Wednesday, November 08, 2006

Waking up to (mostly) good news: The line between red and blue is getting blurry

By Nancy Jane Moore

The good people of South Dakota decisively voted down the draconian anti-abortion law by a measure of 56 percent to 44 percent, according to the Rapid City Journal. The law would only have allowed abortions to save the life of the woman. The Journal quotes Jan Nicolay -- a former state representatives who works with the group Healthy Families -- as attributing the victory to the fact that they were able to educate people about the law. She added:
I don't think people think government should be telling them what to do. I just think we stuck to the facts, and that's hard to argue with.
NPR says Arizona voters did defeat the same-sex marriage ban. An Arizona news website agrees, putting the unofficial vote at 51 percent to 49 percent.

The senate races in Virginia and Montana are still too close to call, but the Democrats have a small lead in both places. In Virginia, the Board of Elections website says Webb has a 7,000 vote lead -- not much out of 2.3 million votes. But if the Dems hang on in both states, they'll be running the Senate. The margin may be razor thin, and keeping Democrats on message is like herding cats, but it's a start. Maybe the moderate and intelligent conservative Republicans will cross lines more often, too.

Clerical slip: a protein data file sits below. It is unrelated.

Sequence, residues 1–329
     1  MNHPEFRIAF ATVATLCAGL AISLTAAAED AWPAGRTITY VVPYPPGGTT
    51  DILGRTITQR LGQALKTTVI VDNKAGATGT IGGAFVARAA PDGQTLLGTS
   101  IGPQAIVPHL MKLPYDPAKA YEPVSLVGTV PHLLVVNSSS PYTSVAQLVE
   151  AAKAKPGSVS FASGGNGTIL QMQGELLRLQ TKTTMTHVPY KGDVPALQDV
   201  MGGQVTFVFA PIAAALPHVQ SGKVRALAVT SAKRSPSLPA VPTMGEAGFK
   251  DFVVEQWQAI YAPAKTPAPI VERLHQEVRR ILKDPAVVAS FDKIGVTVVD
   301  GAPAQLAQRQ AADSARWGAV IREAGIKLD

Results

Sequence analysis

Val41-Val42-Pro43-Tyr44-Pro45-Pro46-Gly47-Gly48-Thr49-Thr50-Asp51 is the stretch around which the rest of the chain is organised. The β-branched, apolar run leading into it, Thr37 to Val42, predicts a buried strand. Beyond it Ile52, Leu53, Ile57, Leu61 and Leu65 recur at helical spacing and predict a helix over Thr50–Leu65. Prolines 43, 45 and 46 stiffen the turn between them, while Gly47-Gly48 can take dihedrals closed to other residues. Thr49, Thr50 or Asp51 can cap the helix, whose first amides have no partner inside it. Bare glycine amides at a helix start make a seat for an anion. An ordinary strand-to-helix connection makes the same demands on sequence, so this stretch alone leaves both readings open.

The Washington Post says the Democrat O'Malley won the Maryland governor's race. The percentage seems solid -- about 53 percent of the vote and close to a 100,000 vote difference -- so the fact that the right wing current governor isn't conceding is likely just sour grapes. I'm glad to see the Post editorial for the Republican didn't have much effect.

There is bad news: Arizona is the only state that voted down a same-sex marriage ban -- seven others approved one. And the Republican victory in the Tennessee Senate race seems to show that negative and racist campaigns still work against African American candidates, at least in the South.

A lot of people are doing the happy dance. I notice that Juan Cole is as close as he ever gets to giddy with enthusiasm. He sees a likelihood that Bush and his posse will be called to account for some of their actions and says we're much less likely to invade Iran. Plus the Senate should be able to block any bad Supreme Court nominees.

I'm happy, too -- first election in years where I haven't been sunk into the sloughs of despair. But I'm tempering my enthusiasm until I see the Democrats really do something. We've repudiated Bush and his posse, but now we have to start cleaning up his messes and moving the country forward. It's not going to be easy.

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